Testify! Public Hearings on Congestion Pricing Tonight

I’ve been accused of "droning on" about congestion pricing here on Streetsblog, and not just by hostile commenters. Even Mark Gorton, our publisher, has mentioned that he’s sick of reading about it.

Still, we continue to spill all of this ink over congestion pricing because it is far and away the most important game in town. If you want better, safer bicycling; faster more reliable buses; more honorable treatment of pedestrians and public spaces and a healthier, more pleasant and sustainable New York City — congestion pricing is the quickest, most effective way to make these changes happen.

That’s because congestion pricing is the only policy that simultaneously reduces the number of motor vehicles on New York City’s streets while raising money for transit and public space improvements. Typically, activists and change-makers deal in compromise and small incremental improvement. This moment is different. Congestion pricing creates an opportunity to make relatively revolutionary change happen relatively immediately. I don’t expect this sort of opportunity to come along again any time soon. Now is the time to do everything we can to try to help push congestion pricing through the City Council and State Legislature.

Tonight’s your chance to contribute. There will be six simultaneous public hearings held throughout the metropolitan region. Sign up ahead of time as a speaker and write up even just a paragraph or two of testimony. If you can go, go!

Here is a note from Transportation Alternatives executive director Paul Steely White with more details:

TONIGHT (Thursday, January 24), there will be public hearings on congestion pricing in Brooklyn, Queens, The Bronx and Staten Island. I’m sure you can think of better ways to spend an hour or two tomorrow night, but this set of hearings will determine whether congestion pricing will go to a vote this spring, or if it winds up in the dustbin.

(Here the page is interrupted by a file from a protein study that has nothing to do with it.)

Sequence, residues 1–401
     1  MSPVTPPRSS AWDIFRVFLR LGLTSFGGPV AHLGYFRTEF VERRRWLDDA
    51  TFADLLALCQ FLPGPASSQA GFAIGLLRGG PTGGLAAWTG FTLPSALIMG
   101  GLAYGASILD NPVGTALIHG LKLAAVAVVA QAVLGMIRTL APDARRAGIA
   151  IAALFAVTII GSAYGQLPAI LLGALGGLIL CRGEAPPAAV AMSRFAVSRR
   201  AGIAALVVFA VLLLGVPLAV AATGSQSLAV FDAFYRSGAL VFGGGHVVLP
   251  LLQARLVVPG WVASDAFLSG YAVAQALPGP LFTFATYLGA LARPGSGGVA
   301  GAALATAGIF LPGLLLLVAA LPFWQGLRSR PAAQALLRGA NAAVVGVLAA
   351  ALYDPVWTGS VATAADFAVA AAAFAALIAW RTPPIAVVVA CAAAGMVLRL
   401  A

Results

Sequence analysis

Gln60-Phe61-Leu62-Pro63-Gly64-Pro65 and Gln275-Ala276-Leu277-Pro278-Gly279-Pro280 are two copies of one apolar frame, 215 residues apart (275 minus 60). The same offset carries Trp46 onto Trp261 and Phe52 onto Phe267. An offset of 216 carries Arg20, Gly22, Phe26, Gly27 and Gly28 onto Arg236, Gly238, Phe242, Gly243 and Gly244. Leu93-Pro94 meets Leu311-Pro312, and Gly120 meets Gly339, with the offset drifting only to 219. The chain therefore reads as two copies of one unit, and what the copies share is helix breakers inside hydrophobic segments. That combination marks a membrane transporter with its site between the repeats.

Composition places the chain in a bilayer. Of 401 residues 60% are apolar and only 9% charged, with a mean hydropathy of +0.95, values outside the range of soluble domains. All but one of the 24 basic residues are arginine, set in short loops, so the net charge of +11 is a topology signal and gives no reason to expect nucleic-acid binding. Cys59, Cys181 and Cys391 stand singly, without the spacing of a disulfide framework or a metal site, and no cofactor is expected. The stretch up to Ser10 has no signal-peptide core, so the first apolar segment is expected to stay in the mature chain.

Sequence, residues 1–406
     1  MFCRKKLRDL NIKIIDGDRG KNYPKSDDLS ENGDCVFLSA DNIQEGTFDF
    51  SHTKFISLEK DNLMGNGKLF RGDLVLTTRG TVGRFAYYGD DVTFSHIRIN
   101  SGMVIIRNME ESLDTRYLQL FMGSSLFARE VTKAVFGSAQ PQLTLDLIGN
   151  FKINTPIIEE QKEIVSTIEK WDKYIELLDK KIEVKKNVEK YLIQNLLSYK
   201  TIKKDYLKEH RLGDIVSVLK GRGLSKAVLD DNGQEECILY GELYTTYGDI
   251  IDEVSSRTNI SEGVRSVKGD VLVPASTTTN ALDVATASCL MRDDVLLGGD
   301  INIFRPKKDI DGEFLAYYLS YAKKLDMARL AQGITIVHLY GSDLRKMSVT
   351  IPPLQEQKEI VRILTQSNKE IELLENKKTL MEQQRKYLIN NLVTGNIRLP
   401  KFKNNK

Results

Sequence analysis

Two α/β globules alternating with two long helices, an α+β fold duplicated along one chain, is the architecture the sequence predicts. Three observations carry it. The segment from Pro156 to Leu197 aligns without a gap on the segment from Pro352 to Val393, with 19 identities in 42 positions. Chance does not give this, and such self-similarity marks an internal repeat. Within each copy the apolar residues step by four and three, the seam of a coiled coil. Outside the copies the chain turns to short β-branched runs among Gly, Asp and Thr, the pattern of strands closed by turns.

Go represent your borough. Hearings start at 6pm. You must sign up in advance to speak, so go to this website for hearing locations and fax or email in your RSVP (you don’t need to submit testimony online, you can just speak at the hearing).

All details are here:

Speak out for less traffic and better transit paid for by congestion pricing! Tell the commission about your transit, biking or walking commute and how you need safer streets and more reliable subways and buses.

Here are the details:

Thursday, January 24th

6 pm

Medgar Evers College

1650 Bedford Ave.


Thursday, January 24th

6 pm

Hostos Community College

Savoy Multi-Purpose Room

Walton Ave. at 149th St.

The Bronx

Thursday, January 24th

6 pm

York College Performing Arts Center

94-20 Guy R. Brewer Blvd.

Jamaica, Queens

Thursday, January 24th

6 pm

College of Staten Island

Center for the Arts, Recital Hall 1P

2800 Victory Blvd.

Staten Island

Thursday, January 24th

6 pm

Westchester County Center

198 Central Ave.

1st Floor Meeting Rooms A-B

White Plains

Thursday, January 24th

6 pm

Hofstra University

University Club

North of Main Gate



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Welcome to Glickville As Deborah Glick herself would tell you, no state legislator had more reason to support congestion pricing than she did. In a district where 95.4 percent of working residents would not have paid the charge, where households with a car are outnumbered by households sans vehicle three to one, and which nonetheless […]

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Too many unanswered questions. Among New York State Assembly Democrats, that has been one of the most frequent criticisms of Mayor Bloomberg’s proposal for a three-year congestion pricing pilot project in New York City. Last month, Lower Manhattan Assembly member Deborah Glick said that she and her colleagues were “confronted with a dearth of information […]

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With congestion pricing stalled in Albany gridlock, what’s next? What immediate measures can New York City take to reduce traffic congestion without having to go through Albany to implement them? How else might New York City reduce traffic congestion while raising a bit of money for transit, bicycling and pedestrian improvements? Back in May, Transportation […]

Congestion Pricing Q&A With Rohit Aggarwala, Part 3

Rohit Aggarwala, New York City’s Director of Long-Term Planning and Sustainability, sat down to answer some of the more frequently asked questions about Mayor Bloomberg’s proposal for a three-year congestion pricing pilot program. Below is the third part of our four part interview. Here is Part 1 and Part 2. Aaron Naparstek: Mayor Bloomberg’s plan […]